Take precautions when storing flammable chemicals in a refrigerator. Refrigerator temperatures are almost always higher than the flash points of flammable liquids (see 2.1.a). Compressors and circuits are often located at the bottom of the refrigerator where vapors from small spills or leaks can accumulate. Electrical sparks from a conventional refrigerator can then ignite the flammable vapors that build up inside. Unless a cold room is ventilated and has a fire suppression sprinkler system, do not store flammable liquids there. Two kinds of refrigerators are approved for storage of flammables:
- Flammable liquid storage refrigerators. These have no spark sources within the refrigerator cabinet. There are, however, spark sources outside the refrigerator cabinet from switches, motors, relays, etc. These spark sources can ignite flammable vapors present outside of the refrigerator. A bottle of flammable liquid that drops and breaks near one of these refrigerators can easily be ignited by the sparks.
- Explosion-proof refrigerators. These refrigerators are considerably more expensive because they have all spark sources completely sealed inside and are safe for flammable atmospheres both within and outside of the refrigerator cabinet.
Conventional refrigerators in laboratories and cold rooms are not safe for flammable storage and must be labeled “NO FLAMMABLES”.
Regulations, interpretations and standards
- 29 CFR 1910.106 – Flammable and combustible liquids (general industry)
- 29 CFR 926.152 – Flammable and combustible liquids (construction)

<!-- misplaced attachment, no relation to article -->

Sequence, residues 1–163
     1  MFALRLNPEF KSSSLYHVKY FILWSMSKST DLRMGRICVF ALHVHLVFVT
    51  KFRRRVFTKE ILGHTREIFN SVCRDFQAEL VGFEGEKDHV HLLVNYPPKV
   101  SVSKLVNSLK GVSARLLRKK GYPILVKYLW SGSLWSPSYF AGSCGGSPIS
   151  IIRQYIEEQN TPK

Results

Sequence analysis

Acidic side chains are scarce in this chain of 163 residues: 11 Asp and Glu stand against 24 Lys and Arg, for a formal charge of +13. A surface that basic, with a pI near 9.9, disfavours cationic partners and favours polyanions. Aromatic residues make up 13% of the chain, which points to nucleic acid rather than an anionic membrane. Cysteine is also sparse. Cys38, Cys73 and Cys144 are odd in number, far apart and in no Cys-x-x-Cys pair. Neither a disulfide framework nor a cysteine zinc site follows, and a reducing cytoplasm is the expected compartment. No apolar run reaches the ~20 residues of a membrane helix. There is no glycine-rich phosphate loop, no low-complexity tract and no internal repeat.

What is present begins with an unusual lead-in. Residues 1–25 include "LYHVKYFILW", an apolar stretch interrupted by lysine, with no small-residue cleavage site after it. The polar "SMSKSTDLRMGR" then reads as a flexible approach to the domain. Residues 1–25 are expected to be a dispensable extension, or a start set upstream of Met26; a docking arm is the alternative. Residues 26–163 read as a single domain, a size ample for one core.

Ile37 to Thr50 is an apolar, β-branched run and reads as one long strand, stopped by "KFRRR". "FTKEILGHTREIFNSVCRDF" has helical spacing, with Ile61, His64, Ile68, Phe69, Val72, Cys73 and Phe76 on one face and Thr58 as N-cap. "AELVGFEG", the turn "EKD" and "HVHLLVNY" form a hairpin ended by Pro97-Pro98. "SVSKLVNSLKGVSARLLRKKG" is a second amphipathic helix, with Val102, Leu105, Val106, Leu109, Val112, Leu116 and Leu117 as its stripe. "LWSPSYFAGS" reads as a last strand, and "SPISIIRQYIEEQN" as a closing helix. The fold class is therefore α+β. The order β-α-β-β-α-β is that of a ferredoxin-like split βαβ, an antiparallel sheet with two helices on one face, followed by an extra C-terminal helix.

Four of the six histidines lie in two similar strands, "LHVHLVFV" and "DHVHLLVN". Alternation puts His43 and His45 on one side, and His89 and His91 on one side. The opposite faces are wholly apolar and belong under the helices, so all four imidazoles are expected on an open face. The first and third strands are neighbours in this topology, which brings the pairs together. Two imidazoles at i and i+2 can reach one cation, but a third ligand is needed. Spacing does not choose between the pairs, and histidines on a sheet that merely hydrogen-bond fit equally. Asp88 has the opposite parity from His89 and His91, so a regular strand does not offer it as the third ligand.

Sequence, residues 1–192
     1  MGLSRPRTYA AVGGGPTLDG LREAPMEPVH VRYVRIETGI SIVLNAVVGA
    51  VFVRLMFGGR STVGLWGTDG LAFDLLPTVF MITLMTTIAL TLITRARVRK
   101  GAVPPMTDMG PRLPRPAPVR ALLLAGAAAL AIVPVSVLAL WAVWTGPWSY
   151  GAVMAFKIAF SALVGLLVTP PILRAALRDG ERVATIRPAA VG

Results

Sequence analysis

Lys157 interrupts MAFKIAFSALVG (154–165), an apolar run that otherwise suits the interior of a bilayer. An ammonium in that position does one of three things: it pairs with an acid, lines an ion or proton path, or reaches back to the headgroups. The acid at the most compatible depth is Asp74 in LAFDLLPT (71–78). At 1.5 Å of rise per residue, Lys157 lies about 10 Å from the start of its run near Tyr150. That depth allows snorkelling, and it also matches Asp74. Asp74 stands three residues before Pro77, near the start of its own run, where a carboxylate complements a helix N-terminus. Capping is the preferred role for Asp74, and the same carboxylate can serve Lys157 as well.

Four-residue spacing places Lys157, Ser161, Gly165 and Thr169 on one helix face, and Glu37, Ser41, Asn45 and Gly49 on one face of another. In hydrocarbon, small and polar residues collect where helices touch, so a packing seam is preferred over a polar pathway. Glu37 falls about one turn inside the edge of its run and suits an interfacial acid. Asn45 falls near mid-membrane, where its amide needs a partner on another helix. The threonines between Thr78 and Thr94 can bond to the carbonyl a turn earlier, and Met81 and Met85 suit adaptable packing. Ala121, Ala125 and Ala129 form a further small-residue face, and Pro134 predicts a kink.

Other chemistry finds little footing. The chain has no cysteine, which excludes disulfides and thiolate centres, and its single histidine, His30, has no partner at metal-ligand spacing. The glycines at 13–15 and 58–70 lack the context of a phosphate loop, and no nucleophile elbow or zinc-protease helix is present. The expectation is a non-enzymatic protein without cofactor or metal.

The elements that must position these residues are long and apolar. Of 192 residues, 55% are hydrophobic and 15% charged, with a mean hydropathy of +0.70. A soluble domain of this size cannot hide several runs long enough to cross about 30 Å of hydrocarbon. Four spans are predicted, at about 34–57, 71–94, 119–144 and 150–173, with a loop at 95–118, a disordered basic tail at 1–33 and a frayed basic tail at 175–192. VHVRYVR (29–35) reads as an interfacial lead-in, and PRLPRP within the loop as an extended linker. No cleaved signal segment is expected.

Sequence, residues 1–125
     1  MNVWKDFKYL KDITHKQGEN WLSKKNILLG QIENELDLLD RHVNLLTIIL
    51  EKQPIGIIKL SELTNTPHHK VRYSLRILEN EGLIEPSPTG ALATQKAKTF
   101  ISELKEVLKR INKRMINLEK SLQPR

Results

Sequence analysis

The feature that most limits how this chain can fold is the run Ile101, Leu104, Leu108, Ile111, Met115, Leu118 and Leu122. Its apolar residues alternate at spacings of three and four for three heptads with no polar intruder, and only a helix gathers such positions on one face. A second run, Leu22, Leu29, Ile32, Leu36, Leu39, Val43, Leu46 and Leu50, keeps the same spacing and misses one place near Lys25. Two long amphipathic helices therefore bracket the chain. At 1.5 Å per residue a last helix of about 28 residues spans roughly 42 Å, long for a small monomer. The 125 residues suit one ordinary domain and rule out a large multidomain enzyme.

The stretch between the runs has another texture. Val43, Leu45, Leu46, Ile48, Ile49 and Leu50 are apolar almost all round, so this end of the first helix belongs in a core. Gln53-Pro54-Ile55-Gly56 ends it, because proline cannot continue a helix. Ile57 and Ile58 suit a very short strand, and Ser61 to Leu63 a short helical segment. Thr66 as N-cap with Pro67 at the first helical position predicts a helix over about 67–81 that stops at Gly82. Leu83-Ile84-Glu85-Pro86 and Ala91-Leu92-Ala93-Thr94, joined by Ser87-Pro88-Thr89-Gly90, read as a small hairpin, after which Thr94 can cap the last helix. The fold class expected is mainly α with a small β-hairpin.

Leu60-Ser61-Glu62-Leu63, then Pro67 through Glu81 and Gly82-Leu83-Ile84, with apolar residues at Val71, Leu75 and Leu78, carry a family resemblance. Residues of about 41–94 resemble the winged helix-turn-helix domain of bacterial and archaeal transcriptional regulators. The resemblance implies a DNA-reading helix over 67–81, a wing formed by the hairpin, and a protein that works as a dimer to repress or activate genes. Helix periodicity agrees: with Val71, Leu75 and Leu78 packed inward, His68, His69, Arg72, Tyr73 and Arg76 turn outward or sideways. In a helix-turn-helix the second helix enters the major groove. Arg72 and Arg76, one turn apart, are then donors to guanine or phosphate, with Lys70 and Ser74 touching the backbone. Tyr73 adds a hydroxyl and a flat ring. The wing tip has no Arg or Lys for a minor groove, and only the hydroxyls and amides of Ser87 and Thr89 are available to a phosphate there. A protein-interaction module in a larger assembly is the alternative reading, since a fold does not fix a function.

Wisconsin Department of Safety and Professional Services
The Wisconsin Department of Safety and Professional Services (DSPS) adopted OSHA’s general industry and construction standards as the rule for public employees in Wisconsin. No modifications or amendments have been adopted to the standards cited above. Two modifications in related areas were adopted:
- SPS 332.24 – To the extent that ventilation is used when working with flammable liquids, there are additional rules in place for the workplace ventilation rules at 29 CFR 1910.94.
- SPS 332.26 – There is a plan submittal requirement for spray finishing using flammable and combustible materials that is an addition to the rules in CFR 1910.107.
- NFPA 30, Flammable and Combustible Liquids Code (about NFPA 30)
- NFPA 45, Standard on Fire Protection for Laboratories Using Chemicals (about NFPA 45)
Does NFPA 30 govern storage of liquids in a laboratory?
In the open work area of the laboratory, no. The quantity of liquid allowed in a laboratory work area is governed by NFPA 45, Standard on Fire Protection for Laboratories Using Chemicals. However, NFPA 30 would cover a liquid storage room in a laboratory occupancy that is appropriately separated from the laboratory work space, as set forth in Subsection 12.6.1 of NFPA 30.
Here are some references and resources directed at a laboratory situation.
- Laboratory Safety Fact Sheet–Flammable and Combustible Liquid Storage and Dispensing: An overview from the University of Pennsylvania.
- Refrigerators and Freezers: Storing Flammable Liquids — University of Washington
Reference material for this webpage included the following:
- Chemical Safety and Disposal Guide, University of Wisconsin-Madison, 2005
- Accident Prevention Manual for Business and Industry–Engineering & Technology, 11th edition. National Safety Council.
This publication was prepared for environmental, health and safety staff at University of Wisconsin System campuses, to assist in finding resources and information for regulatory compliance. It is not intended to render legal advice.